Kochi: Kerala became the first state to challenge the Citizenship Amendment Act (CAA) in the Supreme Court on Tuesday, asking that it be struck down for being discriminatory and violative of Articles 14, 21, and 25 of the Constitution.
These articles lay down the principles of equality, freedom and secularism in the Constitution.
The challenge in the Supreme Court follows up the resolution passed by the Kerala Assembly, also a first, opposing the new law, which purportedly offers citizenship to persecuted people from neighbouring countries but effectively shuts out Muslims.
Chief minister Pinarayi Vijayan was in New Delhi last week to attend the CPM Politburo meeting; he held talks with legal experts on the topic. Following these consultations, the government decided to go ahead with a suit in the Supreme Court. The state’s additional chief secretary in charge of the home department moved the petition for the government on Monday.
The apex court is already dealing with 59 petitions by individuals or political groups challenging the controversial amendment. Having referred these suits to the central government for its response, the court fixed January 22 for hearing them.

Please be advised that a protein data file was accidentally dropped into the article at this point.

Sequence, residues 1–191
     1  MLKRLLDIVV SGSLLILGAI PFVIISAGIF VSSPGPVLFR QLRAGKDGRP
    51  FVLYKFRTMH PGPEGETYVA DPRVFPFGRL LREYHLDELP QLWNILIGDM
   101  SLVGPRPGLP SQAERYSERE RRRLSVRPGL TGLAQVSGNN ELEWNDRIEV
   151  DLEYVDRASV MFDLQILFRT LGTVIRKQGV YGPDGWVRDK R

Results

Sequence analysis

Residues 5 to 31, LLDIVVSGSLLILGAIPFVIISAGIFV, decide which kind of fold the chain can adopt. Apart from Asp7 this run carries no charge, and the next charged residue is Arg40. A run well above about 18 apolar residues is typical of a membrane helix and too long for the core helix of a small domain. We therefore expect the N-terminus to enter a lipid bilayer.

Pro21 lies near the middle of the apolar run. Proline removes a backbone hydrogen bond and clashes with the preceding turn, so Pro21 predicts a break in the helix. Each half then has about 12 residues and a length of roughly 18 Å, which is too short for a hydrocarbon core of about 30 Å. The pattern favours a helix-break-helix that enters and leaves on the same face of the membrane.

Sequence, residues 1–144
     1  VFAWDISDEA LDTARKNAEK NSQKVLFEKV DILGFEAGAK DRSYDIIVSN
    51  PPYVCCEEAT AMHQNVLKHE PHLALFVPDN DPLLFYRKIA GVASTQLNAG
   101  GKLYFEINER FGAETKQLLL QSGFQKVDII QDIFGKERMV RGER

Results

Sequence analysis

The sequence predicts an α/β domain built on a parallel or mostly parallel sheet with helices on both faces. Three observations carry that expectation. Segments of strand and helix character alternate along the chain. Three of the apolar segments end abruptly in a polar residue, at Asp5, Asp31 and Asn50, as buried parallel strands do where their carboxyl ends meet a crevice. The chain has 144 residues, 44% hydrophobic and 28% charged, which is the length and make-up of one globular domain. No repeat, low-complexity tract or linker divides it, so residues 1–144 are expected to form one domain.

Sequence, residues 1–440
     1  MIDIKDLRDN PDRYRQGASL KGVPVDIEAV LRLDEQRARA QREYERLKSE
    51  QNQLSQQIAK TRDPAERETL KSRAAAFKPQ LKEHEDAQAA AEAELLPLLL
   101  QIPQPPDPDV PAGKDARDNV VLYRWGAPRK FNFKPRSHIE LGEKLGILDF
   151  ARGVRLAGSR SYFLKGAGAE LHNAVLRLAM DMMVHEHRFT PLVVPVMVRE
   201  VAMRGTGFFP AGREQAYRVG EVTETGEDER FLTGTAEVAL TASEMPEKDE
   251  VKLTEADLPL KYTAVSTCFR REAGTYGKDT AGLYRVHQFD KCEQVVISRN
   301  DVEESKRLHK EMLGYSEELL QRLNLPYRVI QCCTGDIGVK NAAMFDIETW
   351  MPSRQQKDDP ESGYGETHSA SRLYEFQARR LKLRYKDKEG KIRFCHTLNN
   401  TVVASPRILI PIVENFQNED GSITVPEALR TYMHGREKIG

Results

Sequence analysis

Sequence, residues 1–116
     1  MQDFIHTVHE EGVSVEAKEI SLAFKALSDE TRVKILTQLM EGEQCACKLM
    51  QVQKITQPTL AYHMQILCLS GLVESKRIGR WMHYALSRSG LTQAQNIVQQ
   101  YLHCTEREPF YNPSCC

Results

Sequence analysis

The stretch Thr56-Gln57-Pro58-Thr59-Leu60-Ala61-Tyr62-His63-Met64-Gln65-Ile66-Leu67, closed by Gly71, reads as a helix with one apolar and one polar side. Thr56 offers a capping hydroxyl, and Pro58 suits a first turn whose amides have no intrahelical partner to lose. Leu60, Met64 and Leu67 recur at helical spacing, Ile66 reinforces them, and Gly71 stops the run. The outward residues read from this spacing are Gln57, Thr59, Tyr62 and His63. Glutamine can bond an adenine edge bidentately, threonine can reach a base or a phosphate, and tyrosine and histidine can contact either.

Among these challengers are the Indian Union Muslim League (IUML), Congress leader Jairam Ramesh. RJD leader Manoj Jha, Trinamool Congress MP Mahua Moitra and AIMIM leader Asaduddin Owaisi.
Others include the Jamiat Ulama-i-Hind, All Assam Students Union (AASU), Peace Party, CPI, NGOs 'Rihai Manch' and Citizens Against Hate. Several law students have also approached the apex court challenging the Act.
Pinarayi Vijayan has the support of all political parties--bar the BJP--in the Kerala Assembly on his confrontation with New Delhi over CAA. Industries minister E P Jayarajan told reporters on Tuesday that the state government would “go to any extent to continue its fight against the CAA. This Act destroys democracy.”
“This will only help in implementing the RSS agenda, to drive the nation to a fascist regime,” he said....